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A small shrub or sub-shrub, with erect stems, which are slightly hairy when very young, soon glabrous and somewhat angular. Leaves pinnate, 4 to 6 in. long, composed of usually seven to eleven leaflets which vary in shape from roundish to broadly ovate, obovate, or rhomboidal, 1⁄2 to 11⁄4 in. long, wedge-shaped or rounded at the base, tapered at the apex, and terminated by a fine bristle-like elongation of the midrib, bright green above, both surfaces furnished with pale flattened hairs. Racemes erect, about 5 in. long, the flowers crowded on the upper half; rose-coloured, 3⁄4 in. long; calyx slightly hairy, and with sharp, unequal, lance-shaped lobes. Pods 11⁄2 to 2 in. long, 1⁄6 in. wide. Bot. Mag., t. 8580.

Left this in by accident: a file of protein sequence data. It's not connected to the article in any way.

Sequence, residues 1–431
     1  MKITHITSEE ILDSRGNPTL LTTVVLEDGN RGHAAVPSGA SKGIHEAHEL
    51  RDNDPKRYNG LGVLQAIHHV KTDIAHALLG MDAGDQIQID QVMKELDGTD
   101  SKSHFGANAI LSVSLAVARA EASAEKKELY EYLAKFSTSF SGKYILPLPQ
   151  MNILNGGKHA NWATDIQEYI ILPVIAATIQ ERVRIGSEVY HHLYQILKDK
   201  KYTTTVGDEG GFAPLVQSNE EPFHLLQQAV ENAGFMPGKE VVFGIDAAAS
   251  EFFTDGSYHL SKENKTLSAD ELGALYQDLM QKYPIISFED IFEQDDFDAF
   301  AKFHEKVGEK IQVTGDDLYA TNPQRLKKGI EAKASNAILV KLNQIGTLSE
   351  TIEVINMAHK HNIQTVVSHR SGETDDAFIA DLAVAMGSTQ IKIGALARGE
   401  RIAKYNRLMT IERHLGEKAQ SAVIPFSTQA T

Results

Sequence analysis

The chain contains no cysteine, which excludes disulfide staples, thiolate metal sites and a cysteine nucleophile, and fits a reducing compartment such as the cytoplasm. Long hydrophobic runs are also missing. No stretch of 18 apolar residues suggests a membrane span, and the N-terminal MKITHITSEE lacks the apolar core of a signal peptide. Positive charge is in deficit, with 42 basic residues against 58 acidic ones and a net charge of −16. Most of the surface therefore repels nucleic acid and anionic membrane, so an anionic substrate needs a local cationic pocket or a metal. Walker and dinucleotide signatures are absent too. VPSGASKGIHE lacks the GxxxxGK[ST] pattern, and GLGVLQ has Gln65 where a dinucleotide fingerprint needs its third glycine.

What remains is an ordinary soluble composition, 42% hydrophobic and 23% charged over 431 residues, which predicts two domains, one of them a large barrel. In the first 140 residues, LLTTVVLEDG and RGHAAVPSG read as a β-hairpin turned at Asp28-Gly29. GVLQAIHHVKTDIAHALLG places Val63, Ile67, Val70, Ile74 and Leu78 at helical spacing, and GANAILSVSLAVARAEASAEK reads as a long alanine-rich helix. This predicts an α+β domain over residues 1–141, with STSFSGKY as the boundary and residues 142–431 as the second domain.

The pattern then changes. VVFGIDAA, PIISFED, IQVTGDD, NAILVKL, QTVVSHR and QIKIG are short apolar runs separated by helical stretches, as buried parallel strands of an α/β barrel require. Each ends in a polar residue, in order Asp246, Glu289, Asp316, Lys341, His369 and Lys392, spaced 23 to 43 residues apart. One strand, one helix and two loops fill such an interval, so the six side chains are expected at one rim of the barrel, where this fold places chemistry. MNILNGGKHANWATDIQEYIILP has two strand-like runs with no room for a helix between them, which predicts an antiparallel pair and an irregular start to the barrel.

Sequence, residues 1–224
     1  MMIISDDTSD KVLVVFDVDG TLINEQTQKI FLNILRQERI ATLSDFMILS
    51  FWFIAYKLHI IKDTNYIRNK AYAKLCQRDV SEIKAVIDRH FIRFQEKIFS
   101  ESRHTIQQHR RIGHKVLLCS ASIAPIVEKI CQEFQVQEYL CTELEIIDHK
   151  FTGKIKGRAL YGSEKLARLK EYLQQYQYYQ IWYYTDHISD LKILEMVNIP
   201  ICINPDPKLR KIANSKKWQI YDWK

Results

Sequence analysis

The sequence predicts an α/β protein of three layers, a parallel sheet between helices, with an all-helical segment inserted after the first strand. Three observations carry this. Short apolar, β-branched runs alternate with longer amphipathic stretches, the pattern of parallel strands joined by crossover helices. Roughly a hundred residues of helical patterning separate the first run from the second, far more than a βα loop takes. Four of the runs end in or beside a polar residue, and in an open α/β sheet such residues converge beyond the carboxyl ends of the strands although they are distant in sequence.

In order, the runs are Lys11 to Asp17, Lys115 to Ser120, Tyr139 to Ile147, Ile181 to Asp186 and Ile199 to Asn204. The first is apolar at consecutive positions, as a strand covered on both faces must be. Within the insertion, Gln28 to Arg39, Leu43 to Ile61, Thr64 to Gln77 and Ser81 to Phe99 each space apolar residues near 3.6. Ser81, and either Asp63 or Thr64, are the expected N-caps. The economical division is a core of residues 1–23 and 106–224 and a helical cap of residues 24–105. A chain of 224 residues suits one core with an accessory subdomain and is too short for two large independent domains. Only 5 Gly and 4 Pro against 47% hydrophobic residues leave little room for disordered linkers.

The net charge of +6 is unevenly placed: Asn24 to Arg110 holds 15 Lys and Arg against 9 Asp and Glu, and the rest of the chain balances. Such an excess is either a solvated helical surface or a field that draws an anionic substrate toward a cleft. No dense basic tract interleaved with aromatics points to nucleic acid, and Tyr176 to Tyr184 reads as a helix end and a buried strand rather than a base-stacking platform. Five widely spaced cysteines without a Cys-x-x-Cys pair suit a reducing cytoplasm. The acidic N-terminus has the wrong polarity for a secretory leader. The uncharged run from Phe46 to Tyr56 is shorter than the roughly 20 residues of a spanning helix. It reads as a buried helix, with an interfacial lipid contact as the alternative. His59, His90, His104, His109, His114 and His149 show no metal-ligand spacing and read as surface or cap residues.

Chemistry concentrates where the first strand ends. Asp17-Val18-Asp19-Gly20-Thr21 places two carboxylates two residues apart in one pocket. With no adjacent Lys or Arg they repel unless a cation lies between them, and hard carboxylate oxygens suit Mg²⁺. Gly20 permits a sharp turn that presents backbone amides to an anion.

Native of N. China, Korea and S. Japan; introduced to Britain before 1914, by which time there were plants at Kew received from M. de Vilmorin and from the Arnold Arboretum. Like I. decora it is a dwarf shrub, but it is easily distinguished from that species by the shorter, broader leaves, hairy on both sides. If the stems arc killed to the ground in winter a new crop will be produced the following summer, bearing their flowers in June and July.